One thing that jumps out is that Safety isn't like the other variables. The other variables are continuous, but the safety ratings take on one of three discrete values: 3, 4, or 5. For discrete variables, the plot looks like an individual value plot. Interestingly, all hybrid vehicles scored a 4 or a 5; the only vehicles to score a 3 were gas-only.

Another thing that jumps out is the outlier in the Retail (price) measurements. While the other vehicles cost under $45,000, one vehicle sells for more than $70,000. Conveniently, we can brush the outlier and quickly see how that vehicle scores on the other measures. (For more information on this powerful tool, see Using brushing to investigate data points.)

The brushing palette shows that the outlier is in row 10 of the worksheet. The point for this observation is highlighted in each plot of the matrix. So you can quickly tell, for example, that even though you may have to ransack your kid's college fund to afford this beauty, at least he or she will enjoy the extra passenger room afforded by this luxury vehicle. And they are assured to arrive at their non-college-campus destinations in one piece because this vehicle gets the highest safety rating. However, you may have to pass the hat for gas because it looks like this baby is always thirsty.

Among its other virtues, the high price tag has the added effect of squishing the data for the other vehicles into the low end of the scale and thus making the graph harder to read. Now that I've scratched this rig off my wish list, let's go ahead and remove it from the plot. Again, we use the **Ctrl + E** trick to reopen the dialog box. This time we click the **Data Options** button and specify to exclude row 10 from the graph:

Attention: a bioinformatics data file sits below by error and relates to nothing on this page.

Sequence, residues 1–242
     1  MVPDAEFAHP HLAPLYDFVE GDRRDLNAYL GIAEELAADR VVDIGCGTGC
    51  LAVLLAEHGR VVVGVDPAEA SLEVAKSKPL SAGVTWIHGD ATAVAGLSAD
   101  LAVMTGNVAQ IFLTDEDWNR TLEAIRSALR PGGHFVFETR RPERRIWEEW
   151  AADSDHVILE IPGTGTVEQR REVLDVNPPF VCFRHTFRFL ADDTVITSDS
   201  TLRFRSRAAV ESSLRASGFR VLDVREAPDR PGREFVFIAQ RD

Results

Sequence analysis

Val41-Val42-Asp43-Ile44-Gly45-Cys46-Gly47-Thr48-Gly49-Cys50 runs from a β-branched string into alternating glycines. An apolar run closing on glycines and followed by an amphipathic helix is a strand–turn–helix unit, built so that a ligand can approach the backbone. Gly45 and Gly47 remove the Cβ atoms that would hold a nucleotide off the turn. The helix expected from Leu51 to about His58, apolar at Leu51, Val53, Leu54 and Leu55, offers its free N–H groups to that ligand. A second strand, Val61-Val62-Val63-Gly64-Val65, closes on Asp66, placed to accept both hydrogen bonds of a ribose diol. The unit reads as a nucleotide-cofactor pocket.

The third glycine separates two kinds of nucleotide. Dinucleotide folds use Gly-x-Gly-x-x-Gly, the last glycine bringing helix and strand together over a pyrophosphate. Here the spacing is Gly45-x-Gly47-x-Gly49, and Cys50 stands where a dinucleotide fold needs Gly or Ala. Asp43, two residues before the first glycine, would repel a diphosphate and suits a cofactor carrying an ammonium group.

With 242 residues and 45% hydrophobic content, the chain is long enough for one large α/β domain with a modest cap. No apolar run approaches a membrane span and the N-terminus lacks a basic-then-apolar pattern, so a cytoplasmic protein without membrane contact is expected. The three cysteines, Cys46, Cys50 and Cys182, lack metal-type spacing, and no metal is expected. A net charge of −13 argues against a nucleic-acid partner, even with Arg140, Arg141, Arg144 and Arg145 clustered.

Without the gas-guzzling outlier in the picture, it becomes clear that there is another outlier in town. One of the vehicles has an unusually low interior volume. Again, we can brush this point to see what's going on.

Brushing shows that this vehicle is about average on the other measures. It doesn't cost less than the others and doesn't seem to get better mileage; it's just cramped on the inside. Not a big selling point. Let's remove this point as well. (This vehicle is in row 15.)

Without the outliers, the overall picture becomes still clearer. In general, it looks like more money does *not *buy you better gas mileage. The negative relationship between price and mileage is clear for both hybrid and gas-only vehicles. However, more money *does *seem to buy you more space. It looks like there is a positive relationship between price and interior volume and between price and cargo volume. Bigger vehicles are heavier and generate more wind resistance, so no wonder the more expensive vehicles tend to get worse gas mileage.

I think you'll agree that we have learned a lot about these data since we first entered the matrix just a few mouse clicks ago. No doubt more time in the matrix will reveal even more insights. Aren't you glad you chose the red pill?

## Notes

*1. The Matrix Plot dialog box featured in this post has been embellished for the purpose of dramatizing this reenactment. In real life, Minitab dialog boxes do not feature pills, or pharmaceutical agents of any kind. No actual dialog boxes or buttons were harmed during the making of this blog post. [return]*

*2. OK, so you can't really use a matrix plot to actually change the data in the worksheet. But you *can* use the matrix plot to change how *you see* the data and enable you to reveal more of your data secrets. And isn't that what's important? [return]*

## Acknowledgements

*Credit for the original pill images goes to W.carter. Pills and steak dinner available under Creative Commons License 2.0 and Creative Commons License 1.0 respectively.*